Published originally on Medium
Like most languages, we have multiple versions of the language. The language, the new features, and future are determined by a technical committee, called TC-39.
- ES6 is equal to ES2015
- ES7 is equal to ES2016
- And so on…
- ESNEXT refers to the next upcoming version and related suggestions.
Once a suggestion went through all stages, TC-39 will eventually reject or accept the suggestion and add it to the ECMAScript specification.
- V8: Created by Google
- SpiderMonkey: Created by Mozilla
- Chakra: Created by Microsoft
An engine has its own versioning, a new version of an engine might bring performance improvements and/or support for new ES features.
# Single and Multi Thread
If you are confused, read about Concurrency vs Parallelism.
# WEB APIs
You might have used in your past, Web APIs like “GeoLocation”, “Fetch”, “Gamepad”, or more likely “Document”. These are APIs which are an interface to your browser. Your browser, let that sink in for a moment. The browser is responsible to make sure that those APIs exist in your global scope.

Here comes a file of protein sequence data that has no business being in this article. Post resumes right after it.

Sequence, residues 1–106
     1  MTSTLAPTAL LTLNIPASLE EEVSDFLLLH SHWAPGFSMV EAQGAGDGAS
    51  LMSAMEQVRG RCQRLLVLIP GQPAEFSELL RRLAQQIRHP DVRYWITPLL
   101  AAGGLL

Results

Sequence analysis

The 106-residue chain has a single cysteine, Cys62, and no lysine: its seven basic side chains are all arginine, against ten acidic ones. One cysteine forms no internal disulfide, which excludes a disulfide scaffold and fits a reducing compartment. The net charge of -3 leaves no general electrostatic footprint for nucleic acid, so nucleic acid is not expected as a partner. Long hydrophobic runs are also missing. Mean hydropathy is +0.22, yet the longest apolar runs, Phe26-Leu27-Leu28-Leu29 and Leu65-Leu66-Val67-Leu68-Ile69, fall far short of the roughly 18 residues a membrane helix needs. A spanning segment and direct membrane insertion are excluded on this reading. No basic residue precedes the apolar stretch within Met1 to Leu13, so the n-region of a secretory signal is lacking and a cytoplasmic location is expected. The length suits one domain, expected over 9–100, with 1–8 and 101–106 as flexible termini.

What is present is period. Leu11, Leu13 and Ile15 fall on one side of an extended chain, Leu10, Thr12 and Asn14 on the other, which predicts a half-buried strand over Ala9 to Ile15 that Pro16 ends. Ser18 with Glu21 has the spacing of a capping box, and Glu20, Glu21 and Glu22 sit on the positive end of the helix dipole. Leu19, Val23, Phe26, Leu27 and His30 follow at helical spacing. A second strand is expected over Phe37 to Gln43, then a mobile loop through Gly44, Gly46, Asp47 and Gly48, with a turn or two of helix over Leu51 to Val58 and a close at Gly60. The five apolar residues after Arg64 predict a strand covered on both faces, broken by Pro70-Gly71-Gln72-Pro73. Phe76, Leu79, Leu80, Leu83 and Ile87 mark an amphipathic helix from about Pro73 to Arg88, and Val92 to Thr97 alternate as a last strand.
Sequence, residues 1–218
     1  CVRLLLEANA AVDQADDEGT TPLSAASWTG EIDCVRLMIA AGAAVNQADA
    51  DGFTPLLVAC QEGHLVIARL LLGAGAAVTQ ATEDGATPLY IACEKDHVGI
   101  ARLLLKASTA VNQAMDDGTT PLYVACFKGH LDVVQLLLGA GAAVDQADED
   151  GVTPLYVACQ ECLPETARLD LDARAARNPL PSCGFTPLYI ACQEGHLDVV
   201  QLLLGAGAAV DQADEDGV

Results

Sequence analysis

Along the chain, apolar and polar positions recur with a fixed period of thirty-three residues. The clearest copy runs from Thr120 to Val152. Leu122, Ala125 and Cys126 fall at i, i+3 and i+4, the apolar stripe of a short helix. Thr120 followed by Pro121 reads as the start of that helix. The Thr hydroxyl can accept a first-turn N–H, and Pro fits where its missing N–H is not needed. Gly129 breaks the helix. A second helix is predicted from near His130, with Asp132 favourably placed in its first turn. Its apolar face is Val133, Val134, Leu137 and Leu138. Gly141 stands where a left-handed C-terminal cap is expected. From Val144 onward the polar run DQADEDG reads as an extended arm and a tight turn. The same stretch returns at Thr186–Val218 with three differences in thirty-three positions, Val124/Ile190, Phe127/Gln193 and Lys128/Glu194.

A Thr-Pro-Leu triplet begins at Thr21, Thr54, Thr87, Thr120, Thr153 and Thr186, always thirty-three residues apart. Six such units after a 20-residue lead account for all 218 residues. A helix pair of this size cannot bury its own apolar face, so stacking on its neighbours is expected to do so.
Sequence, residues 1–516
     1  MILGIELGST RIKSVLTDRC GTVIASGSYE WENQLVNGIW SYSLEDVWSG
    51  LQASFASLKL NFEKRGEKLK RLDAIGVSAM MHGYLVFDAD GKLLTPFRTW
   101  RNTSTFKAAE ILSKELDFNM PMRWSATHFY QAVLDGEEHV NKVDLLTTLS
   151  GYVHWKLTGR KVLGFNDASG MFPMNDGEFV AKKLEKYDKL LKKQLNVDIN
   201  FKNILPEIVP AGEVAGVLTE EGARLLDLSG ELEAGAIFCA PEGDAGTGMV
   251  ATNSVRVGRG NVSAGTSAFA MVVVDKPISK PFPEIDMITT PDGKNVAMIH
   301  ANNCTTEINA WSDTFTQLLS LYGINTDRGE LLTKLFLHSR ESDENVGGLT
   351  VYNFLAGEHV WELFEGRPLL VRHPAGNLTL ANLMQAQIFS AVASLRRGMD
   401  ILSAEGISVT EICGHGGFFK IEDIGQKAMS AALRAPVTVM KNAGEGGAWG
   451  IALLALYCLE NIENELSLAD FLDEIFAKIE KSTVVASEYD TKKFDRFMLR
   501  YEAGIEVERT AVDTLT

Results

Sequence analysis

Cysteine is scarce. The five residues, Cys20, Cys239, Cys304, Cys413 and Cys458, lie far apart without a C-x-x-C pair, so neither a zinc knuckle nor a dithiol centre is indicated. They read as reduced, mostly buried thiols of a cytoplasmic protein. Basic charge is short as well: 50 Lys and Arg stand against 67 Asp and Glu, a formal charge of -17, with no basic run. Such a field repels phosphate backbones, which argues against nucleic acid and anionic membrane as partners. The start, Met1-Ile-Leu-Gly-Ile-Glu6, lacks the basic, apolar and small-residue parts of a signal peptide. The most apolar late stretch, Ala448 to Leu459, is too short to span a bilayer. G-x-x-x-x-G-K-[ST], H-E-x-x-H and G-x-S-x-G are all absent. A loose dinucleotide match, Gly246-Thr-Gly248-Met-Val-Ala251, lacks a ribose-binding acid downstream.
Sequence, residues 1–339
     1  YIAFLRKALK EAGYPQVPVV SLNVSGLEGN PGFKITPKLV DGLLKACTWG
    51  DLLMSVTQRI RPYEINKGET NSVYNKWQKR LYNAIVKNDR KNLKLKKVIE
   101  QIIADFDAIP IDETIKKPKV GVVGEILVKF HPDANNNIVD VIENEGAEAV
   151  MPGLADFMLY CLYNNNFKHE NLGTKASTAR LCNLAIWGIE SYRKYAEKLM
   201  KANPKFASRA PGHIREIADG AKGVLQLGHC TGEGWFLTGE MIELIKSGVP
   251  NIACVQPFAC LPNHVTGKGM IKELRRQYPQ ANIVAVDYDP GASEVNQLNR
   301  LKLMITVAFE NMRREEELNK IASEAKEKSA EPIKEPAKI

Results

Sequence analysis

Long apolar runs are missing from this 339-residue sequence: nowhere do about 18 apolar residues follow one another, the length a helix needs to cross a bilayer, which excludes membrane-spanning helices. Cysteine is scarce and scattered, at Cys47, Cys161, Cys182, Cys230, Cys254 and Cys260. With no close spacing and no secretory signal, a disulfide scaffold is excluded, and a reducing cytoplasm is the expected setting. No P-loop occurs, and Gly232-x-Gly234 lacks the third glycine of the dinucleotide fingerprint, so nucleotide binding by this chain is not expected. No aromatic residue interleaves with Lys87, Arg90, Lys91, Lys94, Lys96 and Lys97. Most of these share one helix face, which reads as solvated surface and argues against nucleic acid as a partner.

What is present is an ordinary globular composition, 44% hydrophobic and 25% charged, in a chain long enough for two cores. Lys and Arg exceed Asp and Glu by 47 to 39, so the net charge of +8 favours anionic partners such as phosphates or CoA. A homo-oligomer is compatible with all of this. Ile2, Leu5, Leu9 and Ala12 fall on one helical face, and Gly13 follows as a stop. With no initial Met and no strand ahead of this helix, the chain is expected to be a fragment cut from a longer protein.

When you do something like
document.getElementById() , the browser made that
document object and
getElementById() method available to you, because you are interacting with parts of the web page or the browser (e.g. when you use
navigation.userAgent ). The browser is also responsible for the implementation.
document object does not exist when you execute your code in NodeJS, because the code is not executed in a browser.
Some of the WEB APIs though are mimicked in NodeJS, a good example for that is the
console.log() API. But the implementation is very different, in the browser
console.log() will print to your developer console, in NodeJS this would print to
stdout by default.
So when you see something coming out of thin air, like
document.getElementById() while you did not explicitly import these objects or methods (e.g.
import console from 'console' or
const console = require('console') ) your working most likely with an API that was included by the runtime environment, being the browser or NodeJS. This is not done by the engine.
Note: The engine itself can (but it’s rare) also introduce some APIs itself, an example is
# Edit: iOS 3rd party browsers all need to use WebKit.